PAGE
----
SaaS failed payments

How to Avoid SaaS Failed Payments

SaaS companies are constantly under pressure to increase their revenues and decrease their costs. In this environment, it’s easy for payments to go wrong. However, there are ways you can avoid SaaS failed payments and keep your business running smoothly:

Understand the reasons for failed payments.

You can avoid failing payments by understanding the reasons behind them. Here are some of the most common reasons:

  • Credit card security issues. If your credit card processing is not secure and protected, it may be impossible for customers to complete their transactions online without risking fraud or identity theft.
  • Payment processing errors. If your customer’s bank is unable to process a transaction because of an issue with your payment gateway, you’ll need to troubleshoot this problem before issuing refunds or credits back into their account (and potentially losing revenue).
  • Your customer’s bank’s policies/customer support services (like Apple Pay). If there are any issues with how Apple Pay works with certain banks—or if there are other problems related to how these services work across different platforms—you’ll want to make sure that everyone involved knows about those limitations so that no one gets stuck trying something out only for it not working properly due its lack of knowledge about such things beforehand!

Customer churn

Churn is a natural part of SaaS. Customers who have not paid for your service or used it for a long time are likely to churn. If you have any customers whose behavior is suspicious, contact them immediately and try to resolve the issue before it gets worse.

Check why payments are failing and how often they’re failing.

  • Check your payment processor’s dashboard.

Payment processors offer a variety of tools to help you with your SaaS payments, including:

  • API: An API is a way to connect with the payment processor and get information about how often payments are failing and why they’re failing. This can be useful when troubleshooting payment failures, but also for tracking general analytics about how customers interact with your product.
  • Documentation: The documentation page for each payment processor should be easily accessible from their website; if not, look for it on the Provider Directory page.

Identify all of your failed payments, including declined and expired cards.

  • Identify all of your failed payments, including declined and expired cards.
  • Track customer payment history to help determine whether they have an active card and what type of card they have.
  • Set up a system that automatically notifies you when a transaction has failed so that you can investigate immediately instead of waiting for the payment to post, which may take days or weeks depending on how far away from the last transaction date it is (and how many transactions were completed before that).

Contact your customers to understand why their payment failed.

You should also contact your customers to understand why their payment failed. Ask them to contact you directly and find out if they have a different card or any other information that can help you resolve the issue.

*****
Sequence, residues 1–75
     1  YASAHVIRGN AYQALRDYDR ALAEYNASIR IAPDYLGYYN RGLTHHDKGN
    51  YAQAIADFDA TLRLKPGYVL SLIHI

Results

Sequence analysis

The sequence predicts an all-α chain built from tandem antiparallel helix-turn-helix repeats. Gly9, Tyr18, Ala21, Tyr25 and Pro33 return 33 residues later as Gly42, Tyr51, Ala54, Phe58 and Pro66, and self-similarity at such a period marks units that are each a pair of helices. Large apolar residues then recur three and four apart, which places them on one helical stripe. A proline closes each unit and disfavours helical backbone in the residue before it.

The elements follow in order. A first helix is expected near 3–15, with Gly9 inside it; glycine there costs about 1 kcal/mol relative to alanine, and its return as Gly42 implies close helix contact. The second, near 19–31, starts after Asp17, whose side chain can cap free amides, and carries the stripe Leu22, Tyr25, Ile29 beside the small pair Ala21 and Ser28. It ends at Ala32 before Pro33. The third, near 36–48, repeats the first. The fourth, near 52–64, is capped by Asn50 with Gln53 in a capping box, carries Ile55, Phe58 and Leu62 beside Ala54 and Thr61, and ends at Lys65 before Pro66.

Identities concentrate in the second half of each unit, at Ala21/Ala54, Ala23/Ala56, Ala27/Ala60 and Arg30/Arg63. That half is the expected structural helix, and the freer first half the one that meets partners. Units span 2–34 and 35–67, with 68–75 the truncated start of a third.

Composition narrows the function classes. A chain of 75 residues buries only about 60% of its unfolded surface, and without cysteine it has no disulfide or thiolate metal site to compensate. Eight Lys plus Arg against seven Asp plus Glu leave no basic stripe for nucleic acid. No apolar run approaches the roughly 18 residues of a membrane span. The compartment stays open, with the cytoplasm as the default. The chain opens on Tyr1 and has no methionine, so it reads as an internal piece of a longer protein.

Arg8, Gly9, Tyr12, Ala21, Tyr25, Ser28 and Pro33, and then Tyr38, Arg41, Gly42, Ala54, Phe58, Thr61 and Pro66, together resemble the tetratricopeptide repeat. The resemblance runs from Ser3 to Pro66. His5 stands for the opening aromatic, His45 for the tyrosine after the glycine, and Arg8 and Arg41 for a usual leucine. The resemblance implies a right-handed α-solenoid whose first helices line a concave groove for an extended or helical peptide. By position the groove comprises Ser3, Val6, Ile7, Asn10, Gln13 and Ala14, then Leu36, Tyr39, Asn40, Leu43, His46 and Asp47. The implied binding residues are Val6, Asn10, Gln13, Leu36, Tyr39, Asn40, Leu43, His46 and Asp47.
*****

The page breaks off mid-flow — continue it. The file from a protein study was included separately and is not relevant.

If the customer did not receive the email and was unable to reach you via phone, ask them to send another message through SMS or email (depending on what kind of communication method you use). If possible, try to resend the payment as soon as possible before your account expires in case there was an error with sending it back again.

Use a pre-dunning approach to help customers before their payment fails.

Another way to help avoid failed payments is by using a pre-dunning approach. Pre-dunning is good for your customer relationships, and it’s also good for you. It helps you avoid failed payments because it allows you to gather more information about each customer before they make their payment, which can then be used in the event of a failed transaction.

This type of pre-approach allows vendors to gain insight into how each client uses SaaS services and what kind of problems they encounter along the way—which are all factors that can contribute toward troubleshooting future issues down the road (and ultimately avoiding those dreaded “failed payment” notifications).

The best way to reduce SaaS failed payments is by understanding the reasons for them.

The best way to reduce SaaS failed payments is by understanding the reasons for them.

  • Customer churn: This is probably the most common reason for your SaaS failed payment rate. Customers who begin using your product and then leave without paying can cause you a lot of headaches, especially if they cancel their subscription before the end of their trial period. If you don’t have good retention strategies in place, this could be a major problem that makes it difficult for you to recover from lost revenue in one fell swoop.
  • Check why payments are failing and how often they’re failing: As mentioned above, there are many different reasons why a customer may not pay—and knowing which ones will help inform your strategy going forward so that next time around things go more smoothly when someone tries again!


We hope that by following these steps, you’ll be able to reduce your SaaS failed payments. If you have any questions or would like more information on how we can help with your SaaS payment issues, please contact us today!

Remeber that with Radix you can track and analyze your SaaS failed payments.

Sign Up For Free

Free Trial 2

Luis Cordero Schiffmann
Luis Cordero Schiffmann
Digital Marketing Strategist & Web3 Passionate MBA with expertise in Science, Technology, and Innovation. I'm a big fan of the crypto revolution, the internet and business.